Advice on Game Mastering, beyond the very basics, is often a matter firmly rooted in perspective. We’ve all got our methods, and the people who disagree with them. We all sling around maxims and codify buzzwords that try to illuminate the abstracts that go on when we have fun at the helm of a game. The Lazy Dungeon Master by Michael E. Shea, AKA Sly Flourish offers a lot of advice that is worth considering in this arena.
Fünhaver Games’s Last Stand is an RPG that seemingly draws from an eclectic range of sources such as Earth Defense Force, Starship Troopers and Kaiju movies to make hectic and fun game with a unique dice mechanic.
“Story games” are some of the more wonderful places to look for unorthodox ideas. Because of the narrative-focused framework, it becomes easy to get everyone playing anything – you don’t have to focus on the accurate logistics of being a magical German hamster-like creature (that isn’t a hamster, don’t call it that!). All you’re required […]
The Marvel Heroic Roleplaying Game’s Civil War Event Book is hard to quickly summarize as anything but massive. From its massive ambitions, to its incredible scope and to the sizable amount of content, the book is in all aspects a massive value. It might seem like an equally massive undertaking for the prospective RPG gamer, but the guidelines help somewhat in keeping you up to speed. You don’t have to be a comic book expert in order to run it. However, I would still recommend some familiarity with the Civil War.
God-King revolves around a land once ruled by the eponymous God-King. After a natural disaster splits the land in two, and the easterners and westerners begin to quarrel for the God-King’s favor, he vanishes, and with him his divine blessings. The player characters are a group of foreign people, with their own conflicts and culture, who set out to find the mystical land of Otugari, against the orders of their war-torn Empire. The game supports three to five players and each has one role, from five provided roles. Rather than dice, the game uses a deck of standard playing cards.
DungeonBuilder is a browser-based digital tabletop alternative that is purchased by subscription. While it is a useful program, it could use touching up.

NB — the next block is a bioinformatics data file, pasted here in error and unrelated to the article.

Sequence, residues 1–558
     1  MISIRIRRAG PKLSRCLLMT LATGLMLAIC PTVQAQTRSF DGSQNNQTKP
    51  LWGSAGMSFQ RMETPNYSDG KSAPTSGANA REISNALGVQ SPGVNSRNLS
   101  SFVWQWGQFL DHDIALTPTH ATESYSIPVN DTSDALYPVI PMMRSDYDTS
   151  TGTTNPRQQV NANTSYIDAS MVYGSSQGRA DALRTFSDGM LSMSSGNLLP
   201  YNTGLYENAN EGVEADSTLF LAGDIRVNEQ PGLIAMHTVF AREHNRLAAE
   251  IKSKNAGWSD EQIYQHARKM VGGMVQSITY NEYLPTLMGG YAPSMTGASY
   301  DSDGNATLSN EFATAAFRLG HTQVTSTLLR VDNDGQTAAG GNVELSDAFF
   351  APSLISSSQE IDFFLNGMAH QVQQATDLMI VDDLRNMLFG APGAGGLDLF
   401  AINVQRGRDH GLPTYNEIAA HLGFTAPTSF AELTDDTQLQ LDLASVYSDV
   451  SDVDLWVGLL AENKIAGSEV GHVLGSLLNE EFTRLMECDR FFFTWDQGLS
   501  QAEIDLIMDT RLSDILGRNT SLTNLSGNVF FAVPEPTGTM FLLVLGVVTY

In the grim darkness of the 41st millennium, there is endless job security (mumble mumble). After taking a hiatus to attempt to slay the foes of my God-Wallet, I’ve returned with Deathwatch: The Jericho Reach.
Marvel Heroic Roleplaying is a narrative game with a superficially simple dice pool mechanic. The gameplay choices brought on by the pools and their interactions can go quite a bit deeper than is immediately obvious. However, It took me a while to get the hang of it. The first few chapters lay out the dice system and all the trappings, but on a first read, you might find yourself bombarded with terminology.
Like a Krootox rampaging across your gaming table comes Mark of the Xenos for Deathwatch. Mark of the Xenos is a “monster book” for Deathwatch, containing all the creatures found in Jericho Reach, giving the Achillus Crusade a hard time.
The entirety of the text of Rogue Trader: Hostile Acquisitions, is based on this premise: as a Rogue Trader, you can undress and run rapturously naked around the house of the divine Emperor of Mankind, and He will be really disappointed in you, you stupid twit, but He won’t do much about it. Until at some point you might be so naked that the neighbors may call the cops. You will reach a new level of streaking debauchery, hitherto unforeseen by anyone. And then a skull-faced maniac with arm-claws will murder you in your sleep.